Enhanced soil and leaf nutrient status of a Western Australian Banksia woodland community invaded by Ehrharta calycina and Pelargonium capitatum

Judith Fisher, Erik Veneklaas, Hans Lambers, William A. Loneragan

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50 Citations (Scopus)


Increased nutrient availability can have a large impact in Australian woodland ecosystems, many of which are very poor in nutrients, particularly phosphorus. A study was conducted in an urban Banksia woodland remnant in Perth, southwest Western Australia to test the hypothesis that the soil nutrient status in areas in good condition (GC), poor condition invaded by the perennial grass Ehrharta calycina (PCe), and poor condition invaded by the perennial herb Pelargonium capitatum (PCp), is reflected in the nutrient status of the native and introduced species. Leaf concentrations of P, K, N, Na, Ca, Mg, S, B, Cu, Fe, Mn and Zn of six native (Banksia attenuata, Banksia menziesii, Allocasuarina humilis, Melaleuca systena, Macrozamia fraseri and Conostylis aculeata) and four introduced species (Ehrharta calycina, Pelargonium capitatum, Gladiolus caryophyllaceus and Briza maxima), were measured. Soil pH, electrical conductivity, N (total), P (total), available P, K, S and organic C were assessed beneath all species on all sites. Significantly higher concentrations of soil P (total) and P (HCO3) were found at PCe and PCp sites than GC sites, while PCp sites also had significantly higher soil concentrations for N (total) and S. Principal Components Analysis of the leaf analyses showed (a) individual species have characteristically different nutrient concentrations; (b) the introduced species Ehrharta calycina and Pelargonium capitatum clustered separately from each other and by vegetation condition. Leaf concentrations of P were significantly (P < 0.05) higher, and K and Cu were significantly lower in PCe and PCp sites compared with those at GC sites. Introduced species leaf nutrient concentrations were significantly greater than native species for all nutrients except Mn which was significantly lower, with no differences for Mg and B. The results indicate a key role for P in the Banksia woodland, and we conclude that higher levels of available P at invaded sites are having a detrimental impact on the ecosystem. These results provide new knowledge to enhance conservation practices for the management of the key threatening process of invasion within a biodiversity hot spot.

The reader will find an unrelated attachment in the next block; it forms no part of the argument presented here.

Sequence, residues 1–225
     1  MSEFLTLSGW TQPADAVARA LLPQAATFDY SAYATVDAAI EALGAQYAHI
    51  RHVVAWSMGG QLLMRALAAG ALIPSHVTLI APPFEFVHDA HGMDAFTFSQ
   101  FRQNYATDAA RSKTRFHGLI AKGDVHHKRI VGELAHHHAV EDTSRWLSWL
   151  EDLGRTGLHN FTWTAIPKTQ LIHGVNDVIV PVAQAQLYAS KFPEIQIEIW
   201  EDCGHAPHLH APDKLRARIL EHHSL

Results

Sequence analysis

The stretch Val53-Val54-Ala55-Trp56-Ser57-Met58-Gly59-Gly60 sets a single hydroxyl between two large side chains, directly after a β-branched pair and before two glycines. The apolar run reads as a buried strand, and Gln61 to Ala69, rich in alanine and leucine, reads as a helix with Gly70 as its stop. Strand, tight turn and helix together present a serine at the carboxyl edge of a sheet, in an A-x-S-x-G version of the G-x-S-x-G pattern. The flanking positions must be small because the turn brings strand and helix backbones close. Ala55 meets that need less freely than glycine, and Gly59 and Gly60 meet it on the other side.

Original languageEnglish
Pages (from-to)253-264
JournalPlant and Soil
Issue number1/2
Publication statusPublished - 2006


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